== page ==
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Modern-day prophets, contemporary jokers. The socio-political engagement of Libia Castro & Ólafur Ólafsson

Modern-day prophets, contemporary jokers. The socio-political engagement of Libia Castro & Ólafur Ólafsson

everyone. One of the people at the table holds out his hand to receive a copy, but every time the man reaches for the hand-out, the piece of paper gets withdrawn by someone who is located outside of the screen (Fig. 10). It is an example of one of the ‘funny’ episodes in the film - especially as the person in question visibly tries to keep his composure - and probably also not entirely without significance in a film that is about the profession of lobbying, and thus about the art of negotiation. The opening scene may count as another example, in which the viewer sees a group of hired actors that are passionately engaged in a tug of war duel right in front of the European Parliament’s headquarters in Brussels (Fig. 11; 12). The men and women are dressed up as cowboys and wear slogans like ‘public interest’ on their hats. On the banners that they are carrying are the faces of government officials, accompanied by the words “WANTED” or “UNWANTED” written above. The playfulness of this scene is, again, entirely alien to the rest of the officially dressed characters appearing on screen in the remaining 18,5 minutes or so, and does not match the level of ‘formality’ or ‘seriousness’ that one would expect from a film that is about the absolute epicentre of political power in Europe.
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Aspects of modern Scottish literature and ecological thought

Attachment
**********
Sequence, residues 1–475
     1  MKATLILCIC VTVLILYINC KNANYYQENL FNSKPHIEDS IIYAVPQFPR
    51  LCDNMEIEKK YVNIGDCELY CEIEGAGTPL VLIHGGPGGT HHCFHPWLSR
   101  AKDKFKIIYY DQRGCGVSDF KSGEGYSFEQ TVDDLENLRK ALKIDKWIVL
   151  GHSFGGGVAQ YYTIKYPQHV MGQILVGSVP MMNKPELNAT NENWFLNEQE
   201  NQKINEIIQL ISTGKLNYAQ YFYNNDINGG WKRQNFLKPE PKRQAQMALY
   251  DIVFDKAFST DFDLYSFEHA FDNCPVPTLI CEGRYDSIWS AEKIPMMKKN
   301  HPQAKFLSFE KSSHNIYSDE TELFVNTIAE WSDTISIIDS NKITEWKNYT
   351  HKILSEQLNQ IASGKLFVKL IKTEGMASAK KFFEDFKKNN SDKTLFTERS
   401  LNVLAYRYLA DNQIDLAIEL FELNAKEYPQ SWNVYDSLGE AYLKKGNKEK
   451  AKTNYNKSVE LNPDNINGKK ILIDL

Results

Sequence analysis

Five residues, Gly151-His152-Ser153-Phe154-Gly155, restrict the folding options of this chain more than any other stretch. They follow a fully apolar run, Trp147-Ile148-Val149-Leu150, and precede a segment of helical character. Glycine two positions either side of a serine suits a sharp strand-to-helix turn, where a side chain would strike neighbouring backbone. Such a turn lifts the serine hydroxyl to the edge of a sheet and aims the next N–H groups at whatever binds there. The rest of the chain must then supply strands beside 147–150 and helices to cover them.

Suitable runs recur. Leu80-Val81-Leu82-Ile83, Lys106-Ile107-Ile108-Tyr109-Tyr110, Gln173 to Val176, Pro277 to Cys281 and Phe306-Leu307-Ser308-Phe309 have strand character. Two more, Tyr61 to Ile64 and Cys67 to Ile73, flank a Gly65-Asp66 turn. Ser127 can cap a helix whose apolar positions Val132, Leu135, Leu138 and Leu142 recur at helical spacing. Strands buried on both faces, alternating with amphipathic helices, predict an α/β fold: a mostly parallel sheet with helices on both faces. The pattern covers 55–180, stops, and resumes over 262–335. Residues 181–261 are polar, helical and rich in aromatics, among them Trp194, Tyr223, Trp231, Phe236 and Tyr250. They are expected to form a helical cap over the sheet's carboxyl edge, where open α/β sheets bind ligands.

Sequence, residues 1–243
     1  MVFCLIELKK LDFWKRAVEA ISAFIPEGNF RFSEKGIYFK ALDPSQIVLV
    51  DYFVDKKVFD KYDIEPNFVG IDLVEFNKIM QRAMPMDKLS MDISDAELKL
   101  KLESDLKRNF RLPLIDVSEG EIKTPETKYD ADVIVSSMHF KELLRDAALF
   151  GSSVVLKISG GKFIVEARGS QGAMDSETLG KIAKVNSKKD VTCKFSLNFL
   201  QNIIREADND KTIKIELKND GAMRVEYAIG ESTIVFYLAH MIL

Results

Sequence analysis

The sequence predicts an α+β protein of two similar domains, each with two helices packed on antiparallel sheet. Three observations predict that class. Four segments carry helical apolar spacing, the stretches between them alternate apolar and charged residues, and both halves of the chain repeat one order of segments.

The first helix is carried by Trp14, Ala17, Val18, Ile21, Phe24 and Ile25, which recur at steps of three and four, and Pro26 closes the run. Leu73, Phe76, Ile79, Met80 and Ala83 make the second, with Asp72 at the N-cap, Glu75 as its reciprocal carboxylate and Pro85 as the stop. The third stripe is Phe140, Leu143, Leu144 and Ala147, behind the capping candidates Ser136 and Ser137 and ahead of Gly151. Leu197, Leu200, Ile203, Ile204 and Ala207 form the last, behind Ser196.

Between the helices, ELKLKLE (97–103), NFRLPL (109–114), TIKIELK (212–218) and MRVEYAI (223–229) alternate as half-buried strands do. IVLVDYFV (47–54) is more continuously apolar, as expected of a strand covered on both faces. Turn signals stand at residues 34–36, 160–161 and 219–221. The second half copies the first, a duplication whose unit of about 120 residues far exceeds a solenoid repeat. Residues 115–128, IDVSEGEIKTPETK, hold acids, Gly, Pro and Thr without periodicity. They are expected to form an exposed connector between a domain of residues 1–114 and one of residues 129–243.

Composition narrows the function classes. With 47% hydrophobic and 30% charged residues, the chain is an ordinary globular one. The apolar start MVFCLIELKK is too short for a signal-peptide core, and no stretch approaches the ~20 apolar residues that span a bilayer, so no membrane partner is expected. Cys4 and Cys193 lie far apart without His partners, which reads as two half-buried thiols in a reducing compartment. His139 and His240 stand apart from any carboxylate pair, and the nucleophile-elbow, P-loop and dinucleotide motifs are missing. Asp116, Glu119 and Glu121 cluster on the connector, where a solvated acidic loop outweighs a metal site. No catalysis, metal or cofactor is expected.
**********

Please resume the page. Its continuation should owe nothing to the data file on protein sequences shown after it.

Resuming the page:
Aspects of modern Scottish literature and ecological thought

Chapter One suggests that, while Romantic ways of thinking about the natural world remained influential in nineteenth-century culture, new environmental theories provided fresh ways of perceiving the world, evident from the writings of Scottish mountaineers. Chapter Two explores tire confrontation of modernity and wilderness in the fiction aird travel writings of Robert Louis Stevenson, and some contemporaries such as John Muir. Chapter Three suggests that ecologically-sensitive local and global concerns, rather tlran "national" ones per se, are central to the work of Hugh MacDiarmid, Lewis Grassic Gibbon and others, while Chapter Four demonstrates that post-war "rural" writers including Nan Shepherd, NeU Gumi, Edwin Muir and George Mackay Brown, often viewed as peripheral, are actually central and of international relevance, and challenges the assumption that there is a fundamental divide between Scottish rural and urban writing. Finally, Chapter Five argues that contemporary writers John Burnside, Katlileen Jamie and Alan Warner are not only reviewing human relationships with nature, but also the role writing has to play in exploring and strengthening that relationship, helping to determine the ecological "value" of poetry and fiction.